Stop the Secrecy

Slate: Solar. Powered. Internet balloons. Yes, please!

Mon, 12/08/2014 - 12:30 -- Eva Prkachin

You won't believe how Google plans to bring Internet access to remote areas.

Article by Will Oremus for Slate

The majority of people in the world lack access to the Internet. Either they can’t afford a connection, or none exists where they live. Of all the efforts to bring those people online, Google’s “Project Loon” sounds like the most far-fetched. At the secretive Google X labs, it’s a moonshot among moonshots.

Celebrating our Community

Mon, 12/08/2014 - 12:14 -- Jes Simkin

One of the best parts about our work at OpenMedia is our community -- that’s you!

But seriously, whether it’s on Access, Privacy, or Free Expression work, our job is to make your voice heard and have you be a part of the change-making process.

This is exactly why the Our Digital Future crowdsourced report project has been so moving. Over a span of two years, over 300k of you participated from over 155 countries - making this our largest crowdsourcing project yet.

Medium: Facebook thinks you're some kind of terrifying ghost-blob

Fri, 12/05/2014 - 12:30 -- Eva Prkachin

Ever wondered what you look like to a face-recognition algorithm? Spoiler alert: incredibly creepy.

Article by Kyle Chayka for Medium

Sterling Crispin’s “Data Masks” are haunting portraits that don’t actually depict any one person. Instead, they use raw data to show how technology perceives humanity. Reverse-engineered from surveillance face-recognition algorithms and then fed through Facebook’s face-detection software, the Data Masks “confront viewers with the realization that they’re being seen and watched basically all the time,” Crispin says.

Ars Technica: AT&T throws a hissy fit over municipal fiber

Fri, 12/05/2014 - 11:24 -- Eva Prkachin

Yet again, Big Telecom is trying to get in the way of communities that want to build their own high-speed Internet. That makes me hopping mad, how about you?

Article by Jon Brodkin for ArsTechnica

A city in Kansas that plans to expand a fiber broadband network to serve all residents and businesses has to explain itself to local DSL provider AT&T.

Ars Technica: More complaining from the FBI over cell phone encryption

Wed, 12/03/2014 - 13:22 -- Eva Prkachin

The FBI is really having a tough time getting over this whole encrypted phone thing.

Article by Cyrus Farivar for Ars Technica

Newly discovered court documents from two federal criminal cases in New York and California that remain otherwise sealed suggest that the Department of Justice (DOJ) is pursuing an unusual legal strategy to compel cellphone makers to assist investigations.

Thank You, Thank You, Thank You!

Tue, 12/02/2014 - 13:18 -- Eva Prkachin

Every year since OpenMedia’s founding we’ve organized a major push to sign up new monthly donors in December. It’s the success of this drive that keeps our campaigns running all through the year, and the people who have signed up have played a critically important role in protecting the possibilities of the open Internet.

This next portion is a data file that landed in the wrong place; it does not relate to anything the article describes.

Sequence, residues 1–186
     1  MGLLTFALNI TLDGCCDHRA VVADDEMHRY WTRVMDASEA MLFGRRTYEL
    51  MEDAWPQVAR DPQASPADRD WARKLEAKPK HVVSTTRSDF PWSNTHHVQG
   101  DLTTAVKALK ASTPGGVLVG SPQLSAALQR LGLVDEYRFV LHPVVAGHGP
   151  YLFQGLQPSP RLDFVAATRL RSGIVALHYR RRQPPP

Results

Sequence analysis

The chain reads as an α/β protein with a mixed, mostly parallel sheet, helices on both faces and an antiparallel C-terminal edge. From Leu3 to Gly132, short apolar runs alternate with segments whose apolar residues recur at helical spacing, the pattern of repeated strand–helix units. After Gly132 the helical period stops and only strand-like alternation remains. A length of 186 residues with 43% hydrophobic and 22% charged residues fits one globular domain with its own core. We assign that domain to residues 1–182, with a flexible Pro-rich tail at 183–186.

Today, December 2nd 2014, is “Giving Tuesday”. You might not be familiar with it, but Giving Tuesday was started in 2012 as an altruistic response to the commercialism of Black Friday and Cyber Monday. The day encourages people to think selflessly by donating or volunteering for a cause they care about, and always falls on the first Tuesday of December.

This year, Giving Tuesday happens to fall on the official start of OpenMedia’s December Monthly Allies Drive, so I thought I would take the opportunity to write a bit about how awesome our monthly donors are.

A new tool to fight Big Telecom's slowdown of your favorite online services

Mon, 12/01/2014 - 16:33 -- David Christopher

The battle against Big Telecom’s Internet Slow Lane plan is really heating up - and it’s never been more important to speak out. Decision-makers are on the verge of making new rules that will either open the door to Internet slow lanes, or preserve the free and open Internet for future generations.

Use our straightforward Letter to the Editor tool right now to make sure your voice is heard at this crucial time ->>

A lot is at stake. If the telecom giants get their way, the Internet as we know it would change forever: Big Telecom giants like Comcast and Verizon are pushing for new rules that would make your Internet more expensive, while slowing every website that can’t pay expensive new prioritisation fees to a crawl.

TechCrunch: What cell phones have to teach us about Net Neutrality

Mon, 12/01/2014 - 14:23 -- Eva Prkachin

Wondering what the world might look like if Big Telecom builds Internet slow lanes? Look no further than the recent history of SMS

Article by Jeff Lawson

People have wondered how an Internet without net neutrality would work. Net neutrality is more than just a debate, it’s not a hypothetical, and it’s real and alive today with SMS.

The Verge: Guy who profited off of net neutrality wants to destroy it

Fri, 11/28/2014 - 15:30 -- Eva Prkachin

Apparently, already being a billionaire isn't enough

Article by Ben Popper for The Verge

Over the last few weeks, billionaire and former tech executive Mark Cuban has become increasingly vocal on the subject of net neutrality. In an interview with The Washington Post yesterday, Cuban said that he was in favor of creating "fast lanes" on the internet that would ensure the quality of certain services. He’s a man who has always had plenty of opinions, and he’s certainly entitled to them, but in this case, it’s worth pointing out what a hypocrite he sounds like, pushing a position that would have been a death blow to the very startup that made him so rich in the first place.